Chasing Smoke: Cooking Over Fire Around the Levant is written by the husband and wife duo behind the well-known London restaurant, Honey & Smoke.
Sarit Packer and Itamar Srulovich both grew up in Israel, surrounded by the rich food culture. They’re both trained chefs, met each other in the kitchen and eventually married and moved to London to open Honey & Smoke.
Chasing Smoke is their fourth cookbook and is themed around Middle Eastern foods cooked completely on the grill. It follows their journeys around the Middle East from childhood memories in Israel to the countryside of Jordan. From backstreets of Cairo to the idyllic beaches of Greece and many places in between. Along the way they’ve picked up ideas for cooking and meals and this is what they share in the mouth-watering pages of Chasing Smoke.
It’s a cookbook that brilliantly combines delicious recipes with food and travel writing. It’s written with such vivid detail it brings out a wanderlust in you and a yearning to explore the Levant by the food of its people and cultures. It’s a cookbook you sit down with and read cover to cover, not one you browse just to mark off recipes to make.
As all dishes are made over fire, the book opens with a detailed explanation of making the perfect BBQ (or braai as we would call it here). And while it’s recommended to cook over fire (the taste, the taste!), they’ve kindly included instructions for each recipe to cook without a BBQ. The recipes are split into food categories; fruit & vegetables, fish & seafood, birds, lamb & other meats, and breads.
It’s one of my favorite cookbooks (I love Middle Eastern flavours) and a cookbook I’ll be turning to over summer to zhouzh up summer braais and inspire more outdoor cooking and dining.
I’m sharing their recipe for whole burnt aubergine with charred egg yolk, tahini and chili sauce. Really good vegetable “braai” recipes are few and far between and they’ve provided a chapter dedicated to produce, amongst which is this delicious and unique recipe. A recipe you can add to a braai as a veggie option or turn into a meal in itself by serving with some fresh flatbreads (I made these). The aubergine takes on a delicious smoky flavor from the fire and perfectly combines with smooth tahini, spicy chili sauce and a rich egg yolk which is charred with a hot piece of coal, giving you a dish that has an unmistakable Middle Eastern flavour.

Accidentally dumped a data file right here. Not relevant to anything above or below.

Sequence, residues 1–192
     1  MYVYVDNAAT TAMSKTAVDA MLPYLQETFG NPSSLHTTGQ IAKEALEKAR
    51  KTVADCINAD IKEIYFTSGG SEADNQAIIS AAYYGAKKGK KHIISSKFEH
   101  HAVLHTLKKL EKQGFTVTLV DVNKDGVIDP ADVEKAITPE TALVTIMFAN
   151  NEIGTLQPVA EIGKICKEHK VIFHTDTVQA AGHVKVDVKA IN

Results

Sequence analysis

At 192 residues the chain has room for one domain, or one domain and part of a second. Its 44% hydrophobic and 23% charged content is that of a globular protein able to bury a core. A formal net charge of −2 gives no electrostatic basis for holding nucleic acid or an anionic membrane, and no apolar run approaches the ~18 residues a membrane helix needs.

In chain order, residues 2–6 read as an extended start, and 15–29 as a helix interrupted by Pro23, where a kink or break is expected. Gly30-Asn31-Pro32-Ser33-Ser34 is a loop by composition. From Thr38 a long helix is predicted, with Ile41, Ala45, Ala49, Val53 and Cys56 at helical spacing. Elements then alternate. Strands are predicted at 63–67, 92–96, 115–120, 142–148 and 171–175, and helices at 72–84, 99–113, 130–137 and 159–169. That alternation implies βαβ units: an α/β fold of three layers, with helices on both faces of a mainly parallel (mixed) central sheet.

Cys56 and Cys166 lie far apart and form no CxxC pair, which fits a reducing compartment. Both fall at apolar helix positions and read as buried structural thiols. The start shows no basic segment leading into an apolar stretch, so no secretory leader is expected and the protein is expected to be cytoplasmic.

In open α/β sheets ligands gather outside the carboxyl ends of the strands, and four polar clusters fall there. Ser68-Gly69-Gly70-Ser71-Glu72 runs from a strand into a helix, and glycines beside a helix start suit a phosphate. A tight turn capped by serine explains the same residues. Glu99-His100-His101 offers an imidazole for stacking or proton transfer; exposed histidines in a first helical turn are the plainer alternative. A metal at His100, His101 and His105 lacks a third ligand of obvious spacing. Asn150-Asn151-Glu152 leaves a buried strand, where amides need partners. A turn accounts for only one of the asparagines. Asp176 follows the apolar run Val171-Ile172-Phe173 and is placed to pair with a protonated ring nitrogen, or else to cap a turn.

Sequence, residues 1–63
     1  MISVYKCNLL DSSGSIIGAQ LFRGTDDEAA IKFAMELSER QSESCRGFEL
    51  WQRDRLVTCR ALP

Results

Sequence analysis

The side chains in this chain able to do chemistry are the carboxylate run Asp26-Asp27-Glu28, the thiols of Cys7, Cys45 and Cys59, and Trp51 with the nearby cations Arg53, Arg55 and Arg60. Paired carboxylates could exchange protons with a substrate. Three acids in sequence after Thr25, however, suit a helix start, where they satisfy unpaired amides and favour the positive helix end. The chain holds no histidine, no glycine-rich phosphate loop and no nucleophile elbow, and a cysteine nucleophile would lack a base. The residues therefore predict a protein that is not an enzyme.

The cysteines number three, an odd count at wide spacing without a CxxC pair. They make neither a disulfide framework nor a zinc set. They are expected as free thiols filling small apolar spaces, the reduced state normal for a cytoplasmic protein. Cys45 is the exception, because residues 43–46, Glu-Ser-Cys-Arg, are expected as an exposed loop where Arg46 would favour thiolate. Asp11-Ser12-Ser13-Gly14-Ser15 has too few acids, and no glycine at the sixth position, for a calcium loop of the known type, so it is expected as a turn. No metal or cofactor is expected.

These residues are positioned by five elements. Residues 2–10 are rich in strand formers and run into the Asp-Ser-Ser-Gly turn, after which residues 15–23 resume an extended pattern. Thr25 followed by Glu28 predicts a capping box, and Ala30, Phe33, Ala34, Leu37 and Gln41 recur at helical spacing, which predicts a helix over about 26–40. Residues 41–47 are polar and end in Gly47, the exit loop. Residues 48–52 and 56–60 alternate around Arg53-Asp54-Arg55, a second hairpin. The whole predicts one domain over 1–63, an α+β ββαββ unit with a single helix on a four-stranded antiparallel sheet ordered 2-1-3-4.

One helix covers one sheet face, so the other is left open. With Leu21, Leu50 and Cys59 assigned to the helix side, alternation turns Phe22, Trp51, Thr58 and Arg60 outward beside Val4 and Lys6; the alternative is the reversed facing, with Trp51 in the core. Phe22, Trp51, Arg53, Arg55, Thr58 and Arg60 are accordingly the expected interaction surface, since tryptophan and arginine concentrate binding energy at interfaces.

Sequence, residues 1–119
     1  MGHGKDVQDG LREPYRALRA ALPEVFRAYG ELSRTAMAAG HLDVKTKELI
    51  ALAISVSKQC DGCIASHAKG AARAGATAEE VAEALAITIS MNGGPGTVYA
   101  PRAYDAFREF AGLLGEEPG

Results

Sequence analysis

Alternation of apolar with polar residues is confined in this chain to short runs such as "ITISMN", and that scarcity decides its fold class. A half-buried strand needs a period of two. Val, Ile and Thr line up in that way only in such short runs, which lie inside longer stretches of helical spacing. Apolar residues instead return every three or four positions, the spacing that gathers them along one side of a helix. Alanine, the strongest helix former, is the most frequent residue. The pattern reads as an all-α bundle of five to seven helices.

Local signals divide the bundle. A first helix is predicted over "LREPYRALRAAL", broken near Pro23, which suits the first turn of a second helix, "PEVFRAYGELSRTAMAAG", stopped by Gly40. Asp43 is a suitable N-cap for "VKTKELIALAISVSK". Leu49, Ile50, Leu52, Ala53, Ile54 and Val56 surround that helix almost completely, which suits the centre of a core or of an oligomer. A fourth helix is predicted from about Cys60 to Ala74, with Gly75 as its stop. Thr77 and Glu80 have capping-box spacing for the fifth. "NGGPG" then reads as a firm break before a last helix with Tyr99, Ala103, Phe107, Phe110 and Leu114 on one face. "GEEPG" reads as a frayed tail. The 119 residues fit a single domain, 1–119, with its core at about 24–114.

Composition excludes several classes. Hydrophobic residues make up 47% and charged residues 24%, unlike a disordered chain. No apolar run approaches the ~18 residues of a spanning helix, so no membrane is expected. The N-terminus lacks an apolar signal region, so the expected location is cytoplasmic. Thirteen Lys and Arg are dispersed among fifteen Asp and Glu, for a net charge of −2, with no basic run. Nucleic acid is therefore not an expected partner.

Whole Burnt Aubergine with Charred Egg Yolk, Tahini & Chili Sauce
- 2 aubergines
- 50 grams tahini paste
- 50 ml cold water
- 2 egg yolks
Lemon, Chilli & Garlic Dressing
- 1 red chilli deseeded and finely chopped
- 1 green chilli deseeded and finely chopped
- 3 garlic cloves peeled and finely chopped
- juice of 1-2 lemons, enough to make about 80ml
- 1 teaspoon salt
- 1 teaspoon ground cumin
- 1 teaspoon castor sugar (I left this out)
- 2 tablespoons olive oil
- 1 bunch fresh parsley chopped
- Place the whole aubergines on a very hot grill, or directly on the embers if you prefer. Let them scortch all over, turning occasionally, until the skin is charred and the flesh is so soft that it seems they are going to collapse.
- While the aubergines are cooking, combine all the dressing ingredients apart from the chopped parsely. Seperately mix the tahini paste with the water to form a thick whipped cream consistency.
- Once the aubergines are fully blackened, remove from the grill onto serving plates and split open to reveal the flesh.
- Add the parsley to the dressing and mix well. Use half the dressing to douse the flesh of the slit aubergines, then top with the whipped tahini and place a raw egg yolk in the centre of each one. Using tongs, carefully remove a hot charcoal from the fire and lightly char the top of each yolk. Return the coal to the fire and drizzle the remaining dressing over the aubergines before serving.
To Cook without a BBQ
- Cook the aubergines on your highest grill setting or in a super hot oven at 240°C, remembering to pierce them with a fork beforehand, as they have a tendacy to explode.
- Scorch one side, then rotate and char the next section until the flesh of the aubergine is completely soft. Use a blow torch to scorch the surface of the egg yolk, or simply heat the back of a spoon over a flame and use that instead.
Recipe is reprinted with permission from the publisher. Images are by Nutreats Food Photography Studio.
Zissy is the co-founder of Nutreats. She likes to make things, do things and wear things.